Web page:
Pali Student Art Featured in Annual Palisades Yarn Bombing Project, Finally

The Palisades Village Green was once again decorated with colorful crocheted yarn work to celebrate National Women’s History Month. This year’s installation was unique in that it included artwork crafted by students in Pali’s knitting class.

The Village Green, a small triangular park at the intersection of Sunset Boulevard, Swarthmore Avenue and Antioch Street, was adorned with colorful yarn work from March 4 to March 18. Crocheted quilts were wrapped around trees, floating yarn fish hung from tree branches and lounge chairs were covered in vibrant colors. In addition to the art, small signs provided information about the women featured in the project. 

The sixth annual “yarn bombing” project was created by Do-it-Yourself artist and Palisadian Michelle Villemaire to highlight famous women from a variety of races, ethnicities and professions. This year’s installation honored sixty different women, including Mae Jemison, Condoleezza Rice, Amelia Earhart and Sally Ride. Every year, Villemaire donates the crocheted blankets created for the project to women in local shelters.

Pali’s knitting teacher Karyn Newbill Helmig and her students also participated in the project. In prepartion for the 2020 yarn bombing event, the knitting students crafted 300 crocheted fish to be suspended throughout the park.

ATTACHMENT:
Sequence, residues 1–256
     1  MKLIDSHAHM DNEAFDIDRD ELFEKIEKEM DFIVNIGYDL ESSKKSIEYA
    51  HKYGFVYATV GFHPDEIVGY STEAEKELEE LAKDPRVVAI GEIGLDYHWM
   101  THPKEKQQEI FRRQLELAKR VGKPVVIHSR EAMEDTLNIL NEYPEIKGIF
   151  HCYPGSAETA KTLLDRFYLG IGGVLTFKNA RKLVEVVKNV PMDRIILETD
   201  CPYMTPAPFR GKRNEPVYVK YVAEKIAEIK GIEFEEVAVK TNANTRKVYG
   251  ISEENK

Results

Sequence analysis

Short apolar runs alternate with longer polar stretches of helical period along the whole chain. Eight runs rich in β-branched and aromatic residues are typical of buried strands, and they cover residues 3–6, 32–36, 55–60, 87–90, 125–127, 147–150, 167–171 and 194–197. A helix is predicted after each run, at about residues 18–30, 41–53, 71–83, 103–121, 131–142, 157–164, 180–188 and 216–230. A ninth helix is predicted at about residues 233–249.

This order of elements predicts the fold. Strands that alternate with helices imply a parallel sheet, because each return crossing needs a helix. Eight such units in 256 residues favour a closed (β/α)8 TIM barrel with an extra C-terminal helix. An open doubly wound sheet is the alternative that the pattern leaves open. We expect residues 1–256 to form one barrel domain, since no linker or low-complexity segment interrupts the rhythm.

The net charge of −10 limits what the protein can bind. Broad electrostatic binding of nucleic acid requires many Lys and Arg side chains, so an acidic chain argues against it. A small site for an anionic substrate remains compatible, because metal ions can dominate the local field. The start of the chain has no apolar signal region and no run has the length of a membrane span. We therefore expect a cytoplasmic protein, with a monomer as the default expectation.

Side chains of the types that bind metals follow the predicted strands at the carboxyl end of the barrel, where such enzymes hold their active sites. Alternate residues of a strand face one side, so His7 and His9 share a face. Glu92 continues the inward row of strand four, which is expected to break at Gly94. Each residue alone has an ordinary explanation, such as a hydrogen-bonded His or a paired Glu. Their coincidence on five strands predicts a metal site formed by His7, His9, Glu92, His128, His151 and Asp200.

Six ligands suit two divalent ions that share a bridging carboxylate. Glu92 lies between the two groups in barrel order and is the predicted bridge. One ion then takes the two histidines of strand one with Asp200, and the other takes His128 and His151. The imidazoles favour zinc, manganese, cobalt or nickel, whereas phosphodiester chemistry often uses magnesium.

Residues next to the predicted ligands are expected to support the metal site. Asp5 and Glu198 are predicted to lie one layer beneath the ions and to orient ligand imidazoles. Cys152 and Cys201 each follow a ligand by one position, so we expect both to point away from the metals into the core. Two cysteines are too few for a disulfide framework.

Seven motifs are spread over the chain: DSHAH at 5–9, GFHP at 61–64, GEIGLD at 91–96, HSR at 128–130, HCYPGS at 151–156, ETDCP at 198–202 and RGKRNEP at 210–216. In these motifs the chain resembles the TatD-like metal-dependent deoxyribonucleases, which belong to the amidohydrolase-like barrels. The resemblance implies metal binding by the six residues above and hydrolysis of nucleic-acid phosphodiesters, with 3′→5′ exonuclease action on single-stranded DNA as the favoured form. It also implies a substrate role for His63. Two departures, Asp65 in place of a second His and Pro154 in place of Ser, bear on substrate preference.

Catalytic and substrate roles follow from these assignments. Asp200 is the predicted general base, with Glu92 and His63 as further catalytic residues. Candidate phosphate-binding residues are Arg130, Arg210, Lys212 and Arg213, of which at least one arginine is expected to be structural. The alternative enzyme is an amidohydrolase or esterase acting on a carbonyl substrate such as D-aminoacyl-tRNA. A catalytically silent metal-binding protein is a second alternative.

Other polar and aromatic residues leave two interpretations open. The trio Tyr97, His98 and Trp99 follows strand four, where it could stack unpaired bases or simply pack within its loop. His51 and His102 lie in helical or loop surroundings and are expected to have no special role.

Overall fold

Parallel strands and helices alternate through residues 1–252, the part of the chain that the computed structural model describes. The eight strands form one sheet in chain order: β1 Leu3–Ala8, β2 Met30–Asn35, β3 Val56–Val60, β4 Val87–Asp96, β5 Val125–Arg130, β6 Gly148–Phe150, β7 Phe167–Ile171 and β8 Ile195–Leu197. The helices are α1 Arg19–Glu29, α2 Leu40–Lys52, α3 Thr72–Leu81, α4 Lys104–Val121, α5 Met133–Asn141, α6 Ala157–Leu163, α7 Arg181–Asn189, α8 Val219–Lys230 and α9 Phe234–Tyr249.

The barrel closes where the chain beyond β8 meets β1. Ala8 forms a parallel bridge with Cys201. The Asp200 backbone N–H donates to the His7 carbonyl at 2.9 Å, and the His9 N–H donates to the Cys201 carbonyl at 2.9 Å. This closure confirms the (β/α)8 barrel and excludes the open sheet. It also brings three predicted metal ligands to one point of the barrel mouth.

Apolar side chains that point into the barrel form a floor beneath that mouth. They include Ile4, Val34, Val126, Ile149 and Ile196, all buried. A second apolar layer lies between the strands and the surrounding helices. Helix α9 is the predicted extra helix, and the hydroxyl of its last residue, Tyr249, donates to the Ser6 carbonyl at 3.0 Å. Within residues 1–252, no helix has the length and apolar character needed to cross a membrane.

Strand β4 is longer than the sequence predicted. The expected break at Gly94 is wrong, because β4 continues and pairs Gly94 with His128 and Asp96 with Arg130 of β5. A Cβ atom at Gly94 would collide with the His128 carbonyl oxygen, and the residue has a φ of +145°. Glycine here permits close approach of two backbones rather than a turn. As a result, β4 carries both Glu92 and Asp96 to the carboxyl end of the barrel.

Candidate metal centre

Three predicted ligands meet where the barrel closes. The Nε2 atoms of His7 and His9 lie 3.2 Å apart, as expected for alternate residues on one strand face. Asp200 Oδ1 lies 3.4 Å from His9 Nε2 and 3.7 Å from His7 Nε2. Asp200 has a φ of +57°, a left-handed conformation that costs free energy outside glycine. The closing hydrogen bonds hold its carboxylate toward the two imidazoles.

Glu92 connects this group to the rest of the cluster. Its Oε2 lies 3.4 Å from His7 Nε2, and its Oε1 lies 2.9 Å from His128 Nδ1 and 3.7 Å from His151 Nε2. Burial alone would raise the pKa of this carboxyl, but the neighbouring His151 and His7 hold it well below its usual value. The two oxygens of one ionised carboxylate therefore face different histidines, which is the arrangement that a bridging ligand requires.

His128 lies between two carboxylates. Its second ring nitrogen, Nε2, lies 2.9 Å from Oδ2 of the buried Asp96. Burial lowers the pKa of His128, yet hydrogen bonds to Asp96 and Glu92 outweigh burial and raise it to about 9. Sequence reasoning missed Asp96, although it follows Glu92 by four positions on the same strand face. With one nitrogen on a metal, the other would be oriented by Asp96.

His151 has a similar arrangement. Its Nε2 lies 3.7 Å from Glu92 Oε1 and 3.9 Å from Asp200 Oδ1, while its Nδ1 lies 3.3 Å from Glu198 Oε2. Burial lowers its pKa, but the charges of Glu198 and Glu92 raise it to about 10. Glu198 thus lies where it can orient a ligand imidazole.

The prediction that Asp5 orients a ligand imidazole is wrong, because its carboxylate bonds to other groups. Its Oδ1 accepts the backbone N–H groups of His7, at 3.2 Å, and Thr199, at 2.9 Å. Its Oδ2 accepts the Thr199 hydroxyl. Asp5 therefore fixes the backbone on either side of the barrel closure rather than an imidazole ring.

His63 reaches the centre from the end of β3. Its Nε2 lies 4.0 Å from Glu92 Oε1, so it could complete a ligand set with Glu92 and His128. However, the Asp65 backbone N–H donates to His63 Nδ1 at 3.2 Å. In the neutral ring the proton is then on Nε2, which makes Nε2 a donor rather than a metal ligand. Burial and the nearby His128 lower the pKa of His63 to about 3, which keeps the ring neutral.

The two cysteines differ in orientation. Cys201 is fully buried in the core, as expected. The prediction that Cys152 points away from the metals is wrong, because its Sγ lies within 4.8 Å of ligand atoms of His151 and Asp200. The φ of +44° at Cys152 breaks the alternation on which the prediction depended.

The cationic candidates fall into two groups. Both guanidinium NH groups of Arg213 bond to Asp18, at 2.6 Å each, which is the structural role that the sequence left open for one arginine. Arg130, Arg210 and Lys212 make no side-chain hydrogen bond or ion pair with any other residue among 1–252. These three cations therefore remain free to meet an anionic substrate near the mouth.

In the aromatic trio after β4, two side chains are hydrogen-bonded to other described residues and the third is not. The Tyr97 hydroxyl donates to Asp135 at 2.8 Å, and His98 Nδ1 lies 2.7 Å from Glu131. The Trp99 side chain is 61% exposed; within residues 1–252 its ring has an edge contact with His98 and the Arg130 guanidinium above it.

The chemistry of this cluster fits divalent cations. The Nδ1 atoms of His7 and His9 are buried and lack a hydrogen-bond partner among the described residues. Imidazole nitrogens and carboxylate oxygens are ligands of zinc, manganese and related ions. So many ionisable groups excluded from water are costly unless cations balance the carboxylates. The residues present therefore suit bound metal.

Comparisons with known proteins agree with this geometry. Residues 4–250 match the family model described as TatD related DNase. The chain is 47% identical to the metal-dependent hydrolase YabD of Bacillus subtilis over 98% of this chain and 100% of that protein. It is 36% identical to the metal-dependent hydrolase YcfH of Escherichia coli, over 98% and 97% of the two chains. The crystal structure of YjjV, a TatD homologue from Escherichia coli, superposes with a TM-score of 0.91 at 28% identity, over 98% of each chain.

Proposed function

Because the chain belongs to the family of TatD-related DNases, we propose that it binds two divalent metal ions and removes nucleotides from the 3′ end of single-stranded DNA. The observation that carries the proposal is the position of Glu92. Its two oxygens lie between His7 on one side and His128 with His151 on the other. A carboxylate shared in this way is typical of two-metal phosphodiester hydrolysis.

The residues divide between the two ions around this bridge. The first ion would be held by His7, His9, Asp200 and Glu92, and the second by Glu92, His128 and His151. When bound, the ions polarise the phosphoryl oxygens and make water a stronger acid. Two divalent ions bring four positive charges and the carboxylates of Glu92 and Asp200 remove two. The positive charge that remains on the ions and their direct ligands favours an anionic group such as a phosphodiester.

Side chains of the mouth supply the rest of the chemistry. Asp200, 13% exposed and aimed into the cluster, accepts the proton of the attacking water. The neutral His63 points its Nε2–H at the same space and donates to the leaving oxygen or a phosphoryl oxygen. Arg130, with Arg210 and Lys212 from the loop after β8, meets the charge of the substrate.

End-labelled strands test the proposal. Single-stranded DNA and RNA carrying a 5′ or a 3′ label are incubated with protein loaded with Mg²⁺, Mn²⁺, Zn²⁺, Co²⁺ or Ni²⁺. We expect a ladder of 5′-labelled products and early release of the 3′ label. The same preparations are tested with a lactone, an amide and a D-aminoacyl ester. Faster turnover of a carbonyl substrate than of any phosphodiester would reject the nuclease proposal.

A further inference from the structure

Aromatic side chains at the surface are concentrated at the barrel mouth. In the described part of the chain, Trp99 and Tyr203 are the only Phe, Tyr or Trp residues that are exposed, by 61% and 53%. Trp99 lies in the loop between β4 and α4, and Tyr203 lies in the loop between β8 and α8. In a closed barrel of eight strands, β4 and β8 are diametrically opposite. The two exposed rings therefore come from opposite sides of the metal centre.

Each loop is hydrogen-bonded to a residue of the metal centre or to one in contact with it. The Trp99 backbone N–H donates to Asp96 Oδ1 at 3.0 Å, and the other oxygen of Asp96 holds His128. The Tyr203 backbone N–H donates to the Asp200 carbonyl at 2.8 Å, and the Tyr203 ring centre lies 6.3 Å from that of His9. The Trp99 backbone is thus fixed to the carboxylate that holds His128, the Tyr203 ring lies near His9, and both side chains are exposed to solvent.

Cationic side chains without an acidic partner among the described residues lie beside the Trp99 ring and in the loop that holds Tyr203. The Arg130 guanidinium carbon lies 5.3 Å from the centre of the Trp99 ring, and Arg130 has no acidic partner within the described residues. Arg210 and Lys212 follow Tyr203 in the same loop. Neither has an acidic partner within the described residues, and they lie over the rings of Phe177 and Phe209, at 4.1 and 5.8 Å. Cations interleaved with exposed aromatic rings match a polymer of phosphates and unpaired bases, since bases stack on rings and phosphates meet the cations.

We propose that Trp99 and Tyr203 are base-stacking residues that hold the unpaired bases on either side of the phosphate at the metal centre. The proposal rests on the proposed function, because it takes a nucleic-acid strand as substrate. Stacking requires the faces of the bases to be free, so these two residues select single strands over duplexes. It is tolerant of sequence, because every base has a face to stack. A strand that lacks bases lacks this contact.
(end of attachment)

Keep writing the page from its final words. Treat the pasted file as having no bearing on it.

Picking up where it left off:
“I was so excited that my students were going to see their art out in the world,” Newbill Helmig said.

But then the pandemic hit.

“It was a big disappointment that the fish weren’t hung in 2020 or 2021 because we were deep in the pandemic so we didn’t yarn bomb those years,” Newbill Helmig said. “It was a nice surprise to see the fish up this year. I drove by one day and was like, ‘What are those things hanging from the trees? Oh my god, those are my fish!’

“It was fun for the kids to be part of something even though they didn’t get an immediate payoff,” Newbill Helmig added.

Villemaire told Westside Current, a local online publication, that the project began as a “great way to talk with [her] kids about the inspirational women who had an impact.” 

Villemaire said she was uplifted by the number of Pali kids she saw interacting with the project. 

“I can’t tell you how many kids stop and read the quotes and [took] pictures with their friends,” she said. “I watch them walk away with smiles and a piece of women’s history. It makes me so happy.”

Senior Julia Guedea-Noriega is one of the many Pali students who said that she appreciated the artwork. 

“It was a creative and pleasing way to recognize women’s history month,” Guedea-Noriega said. “The artwork instilled pride and joy in being a woman and being a part of such a loving, vulnerable, yet strong community.”

Guedea-Noriega said she believes that seeing women like Mae Jemison, the first Black woman to travel into space, featured in the installation is a great way for women of color to find representation in male-dominated fields. 

“Since we live in a society where men have been idealized more than women for many centuries, a public art project honoring women is important because it gives representation to women who have been hidden behind the shadows of men,” Guedea-Noriega explained.

As the annual yarn bombing project continues to grow, Pali students can look forward to seeing even more women represented in the years to come.